How to use background checks and stay out of trouble
The Equal Employment Opportunity Commission has put companies in a difficult position regarding the use of criminal background checks to screen job applicants.
Background checks are used by up to 80 percent of companies, of course. We do so for a number of very good reasons:
1) Most companies simply do not want to employ dangerous or dishonest people.
2) Companies can get sued for negligent hiring and retention if they employ a person with known criminal propensities.
3) Some companies are legally required to screen out criminals for certain positions.
But the EEOC has now launched an aggressive campaign against the use of criminal background checks. It sued a number companies, including BMW and Dollar General, over their use of criminal background checks.
The EEOC charged these companies with discriminating against minorities for excluding all applicants with criminal records.
Companies, according to the government, cannot simply exclude all applicants with a criminal records. Instead, companies should assess each situation individually and determine if the applicant’s criminal record presents a genuine disqualification.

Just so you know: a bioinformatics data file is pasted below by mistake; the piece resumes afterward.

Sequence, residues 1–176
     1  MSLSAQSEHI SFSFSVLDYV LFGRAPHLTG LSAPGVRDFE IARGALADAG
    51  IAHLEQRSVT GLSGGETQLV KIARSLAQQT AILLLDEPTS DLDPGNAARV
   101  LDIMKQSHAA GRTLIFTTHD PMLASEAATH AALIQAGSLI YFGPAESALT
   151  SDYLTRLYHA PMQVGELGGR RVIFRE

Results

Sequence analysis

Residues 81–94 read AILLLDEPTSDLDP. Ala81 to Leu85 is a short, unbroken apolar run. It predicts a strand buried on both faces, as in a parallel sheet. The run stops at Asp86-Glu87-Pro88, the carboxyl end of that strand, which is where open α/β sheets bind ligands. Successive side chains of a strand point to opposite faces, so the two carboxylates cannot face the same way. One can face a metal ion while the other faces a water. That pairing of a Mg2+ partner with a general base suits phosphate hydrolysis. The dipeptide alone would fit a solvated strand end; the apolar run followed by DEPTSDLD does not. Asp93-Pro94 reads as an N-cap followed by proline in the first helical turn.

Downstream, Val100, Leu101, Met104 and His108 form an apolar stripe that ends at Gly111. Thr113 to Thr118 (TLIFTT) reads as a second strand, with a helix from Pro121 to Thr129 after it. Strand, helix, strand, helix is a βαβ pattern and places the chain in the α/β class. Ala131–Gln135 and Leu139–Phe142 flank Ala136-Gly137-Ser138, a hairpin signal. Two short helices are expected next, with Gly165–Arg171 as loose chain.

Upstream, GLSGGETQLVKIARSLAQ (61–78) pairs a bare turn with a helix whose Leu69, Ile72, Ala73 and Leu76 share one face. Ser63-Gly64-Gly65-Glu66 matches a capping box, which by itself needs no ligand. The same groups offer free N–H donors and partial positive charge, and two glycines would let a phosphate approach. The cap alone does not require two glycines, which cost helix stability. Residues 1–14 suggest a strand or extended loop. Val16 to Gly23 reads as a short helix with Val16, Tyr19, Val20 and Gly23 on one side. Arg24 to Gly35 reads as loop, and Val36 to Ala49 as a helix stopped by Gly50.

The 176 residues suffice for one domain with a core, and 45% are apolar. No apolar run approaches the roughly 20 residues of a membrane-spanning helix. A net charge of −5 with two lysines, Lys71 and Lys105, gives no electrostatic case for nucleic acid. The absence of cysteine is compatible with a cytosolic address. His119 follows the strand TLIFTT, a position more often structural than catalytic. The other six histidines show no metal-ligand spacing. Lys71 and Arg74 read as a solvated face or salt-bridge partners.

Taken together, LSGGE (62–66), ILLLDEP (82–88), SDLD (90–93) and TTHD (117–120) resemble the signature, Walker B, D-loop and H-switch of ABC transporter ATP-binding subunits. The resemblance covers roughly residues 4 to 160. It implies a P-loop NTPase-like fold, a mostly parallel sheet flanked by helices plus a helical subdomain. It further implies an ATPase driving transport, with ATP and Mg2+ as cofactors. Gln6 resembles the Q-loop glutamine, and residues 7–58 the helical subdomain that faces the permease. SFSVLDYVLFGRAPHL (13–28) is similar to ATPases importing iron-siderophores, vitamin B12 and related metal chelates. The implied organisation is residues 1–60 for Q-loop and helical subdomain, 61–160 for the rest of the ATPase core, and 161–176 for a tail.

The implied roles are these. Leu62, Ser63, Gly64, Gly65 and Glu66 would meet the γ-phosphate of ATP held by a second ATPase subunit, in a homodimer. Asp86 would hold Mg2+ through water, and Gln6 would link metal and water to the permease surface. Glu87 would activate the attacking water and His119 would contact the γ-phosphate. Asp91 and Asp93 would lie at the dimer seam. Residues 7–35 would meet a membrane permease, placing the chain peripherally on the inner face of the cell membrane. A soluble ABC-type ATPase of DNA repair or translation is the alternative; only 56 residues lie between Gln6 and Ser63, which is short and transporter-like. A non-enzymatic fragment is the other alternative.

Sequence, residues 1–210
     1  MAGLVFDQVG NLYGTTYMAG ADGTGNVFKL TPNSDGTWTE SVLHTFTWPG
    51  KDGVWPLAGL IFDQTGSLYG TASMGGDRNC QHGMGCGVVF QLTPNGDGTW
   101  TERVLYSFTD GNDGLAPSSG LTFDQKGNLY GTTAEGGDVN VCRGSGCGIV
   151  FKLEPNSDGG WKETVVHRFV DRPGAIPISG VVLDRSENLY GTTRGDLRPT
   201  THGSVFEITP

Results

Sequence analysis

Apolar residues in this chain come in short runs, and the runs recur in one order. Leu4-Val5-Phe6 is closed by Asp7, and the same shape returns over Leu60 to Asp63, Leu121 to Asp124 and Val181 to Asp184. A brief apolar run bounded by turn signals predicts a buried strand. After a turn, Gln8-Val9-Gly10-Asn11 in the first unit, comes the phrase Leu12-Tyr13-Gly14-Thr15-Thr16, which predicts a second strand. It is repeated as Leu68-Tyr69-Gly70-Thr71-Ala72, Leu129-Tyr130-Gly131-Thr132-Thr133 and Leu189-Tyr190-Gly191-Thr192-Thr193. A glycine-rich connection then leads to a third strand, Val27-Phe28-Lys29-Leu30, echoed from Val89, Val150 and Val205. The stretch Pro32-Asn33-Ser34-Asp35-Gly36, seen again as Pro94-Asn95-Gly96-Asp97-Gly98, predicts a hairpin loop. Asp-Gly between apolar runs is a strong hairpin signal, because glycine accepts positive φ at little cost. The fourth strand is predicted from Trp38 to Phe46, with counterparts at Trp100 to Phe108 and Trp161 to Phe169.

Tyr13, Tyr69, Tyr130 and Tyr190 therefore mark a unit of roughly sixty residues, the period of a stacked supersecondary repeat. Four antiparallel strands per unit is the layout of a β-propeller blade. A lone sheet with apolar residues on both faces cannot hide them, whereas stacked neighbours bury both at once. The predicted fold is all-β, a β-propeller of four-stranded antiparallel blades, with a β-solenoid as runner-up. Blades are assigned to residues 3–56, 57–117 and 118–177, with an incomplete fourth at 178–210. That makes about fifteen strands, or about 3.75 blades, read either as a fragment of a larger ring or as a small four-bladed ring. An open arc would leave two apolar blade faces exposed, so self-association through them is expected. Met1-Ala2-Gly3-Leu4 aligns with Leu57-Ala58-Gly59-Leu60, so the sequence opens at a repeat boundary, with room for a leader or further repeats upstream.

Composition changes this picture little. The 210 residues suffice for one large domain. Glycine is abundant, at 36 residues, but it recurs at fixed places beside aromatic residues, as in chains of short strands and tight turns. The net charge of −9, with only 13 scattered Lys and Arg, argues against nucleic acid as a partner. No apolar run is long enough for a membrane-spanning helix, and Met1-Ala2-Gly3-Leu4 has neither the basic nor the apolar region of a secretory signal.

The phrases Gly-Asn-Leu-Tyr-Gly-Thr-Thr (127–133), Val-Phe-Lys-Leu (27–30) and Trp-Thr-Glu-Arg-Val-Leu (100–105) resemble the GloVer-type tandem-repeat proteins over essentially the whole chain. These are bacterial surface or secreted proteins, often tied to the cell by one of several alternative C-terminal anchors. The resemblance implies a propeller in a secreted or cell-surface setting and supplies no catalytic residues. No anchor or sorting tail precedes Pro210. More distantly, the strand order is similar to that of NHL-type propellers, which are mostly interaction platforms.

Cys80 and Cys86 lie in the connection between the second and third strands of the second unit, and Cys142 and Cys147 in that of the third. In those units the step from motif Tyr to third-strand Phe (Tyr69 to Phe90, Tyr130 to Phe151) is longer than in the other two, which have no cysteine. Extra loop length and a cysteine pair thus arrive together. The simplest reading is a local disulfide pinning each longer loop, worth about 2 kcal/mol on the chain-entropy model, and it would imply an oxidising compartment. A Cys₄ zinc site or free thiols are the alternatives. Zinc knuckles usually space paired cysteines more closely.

There’s a way to using background check and stay out of trouble.
- Conduct background checks only after a conditional offer of employment is made
The best way to control risk is to reduce the number of background checks. Do not run background checks on all applicants. Instead, make your employment offers conditional on passing a background check.
This will dramatically reduce the number of background checks and avoid numerous other thorny issues as well (background checks often reveal other sensitive personal info that could create other grounds for suit).
- Modify the use of criminal history information
Only search for criminal convictions, not arrests. Consider limiting convictions to seven to 10 years. Conduct an individualized inquiry into each case to determine the nature of the crime and how it relates to the position.
For example, if an applicant is applying to be a truck driver and he has driving related offenses, you can safely exclude that applicant. However, if the applicant has a 30-year-old conviction for disturbing the peace, then that offense should be ignored because it does not relate to the applicant’s ability to drive a truck.
- Have a consistent policy
It is essential to have a consistent policy in how criminal background checks are used. If people are treated differently, the company would be open to allegations of employment discrimination. Companies will need to document each case and explain the basis for each decision. As long as a logical basis exists for each decision, the company should be able refute any allegations of discrimination if they arise.